Parasites, ghosts and mutualists: a relational geography of microbes for global health

Research paper by Jamie Lorimer

Indexed on: 16 Jun '17Published on: 15 Jun '17Published in: Transactions of the Institute of British Geographers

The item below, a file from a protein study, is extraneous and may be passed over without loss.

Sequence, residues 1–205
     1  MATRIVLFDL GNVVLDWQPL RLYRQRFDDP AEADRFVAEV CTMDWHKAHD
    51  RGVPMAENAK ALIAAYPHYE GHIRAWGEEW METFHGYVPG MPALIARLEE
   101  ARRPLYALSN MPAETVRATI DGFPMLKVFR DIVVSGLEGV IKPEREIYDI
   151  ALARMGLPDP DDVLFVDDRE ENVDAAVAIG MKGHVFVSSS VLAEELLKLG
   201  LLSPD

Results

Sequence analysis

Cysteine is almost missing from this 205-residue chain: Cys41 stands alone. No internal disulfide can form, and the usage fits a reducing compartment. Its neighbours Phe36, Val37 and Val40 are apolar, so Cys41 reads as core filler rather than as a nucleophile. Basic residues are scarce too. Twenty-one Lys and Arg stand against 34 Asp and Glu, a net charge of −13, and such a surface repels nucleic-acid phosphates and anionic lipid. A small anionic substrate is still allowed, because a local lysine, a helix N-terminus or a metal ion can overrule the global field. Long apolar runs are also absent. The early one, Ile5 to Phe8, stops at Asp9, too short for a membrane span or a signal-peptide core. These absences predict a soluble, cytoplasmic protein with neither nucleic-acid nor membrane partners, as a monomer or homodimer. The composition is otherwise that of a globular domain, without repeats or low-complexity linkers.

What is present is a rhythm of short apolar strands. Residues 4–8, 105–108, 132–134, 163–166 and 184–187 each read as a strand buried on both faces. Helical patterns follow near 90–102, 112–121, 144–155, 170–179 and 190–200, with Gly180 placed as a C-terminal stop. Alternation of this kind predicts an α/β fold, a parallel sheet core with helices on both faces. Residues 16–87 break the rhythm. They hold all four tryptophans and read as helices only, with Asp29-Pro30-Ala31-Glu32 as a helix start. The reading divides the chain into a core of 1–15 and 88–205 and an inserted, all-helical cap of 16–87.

Scientific research on the microbiome offers an ecological model of the human, comprised of myriad forms of microbial life. The composition and dynamics of this human microbiome are increasingly implicated in discussions of health. Attention has focused on missing microbes and their links to a range of inflammatory and autoimmune diseases. Pathological dysbiosis is understood to result from both the excessive presence and the absence of microbes. Microbial declines have been indexed to modern hygiene and healthcare practices and there is a growing interest in the therapeutic use of beneficial microbes. This reappraisal of the salutary potential of microbes challenges the negative associations prevalent in health geography and the field of global health. This paper develops relational and multispecies approaches to health geography to examine situations of microbial excess, absence and controlled reintroduction. The analysis focuses on human relations with hookworms. Hookworms are animal members of the microbiome. They co-evolved with humans, live in us and are understood to manage the human microbiome to enable immunological tolerance. Both the excessive presence and the absence of hookworms can be pathological. They are currently the subjects of concurrent, but spatially discrete, programmes to deworm and reworm a variegated world. Focusing on this seeming spatial paradox, the analysis examines three types of human–hookworm relation: the parasite, the ghost and the mutualist. The conclusion reflects on the implications of this analysis for the human and nonhuman subjects of global health and the microbiopolitics of prevalent forms of antibiotic and probiotic healthcare.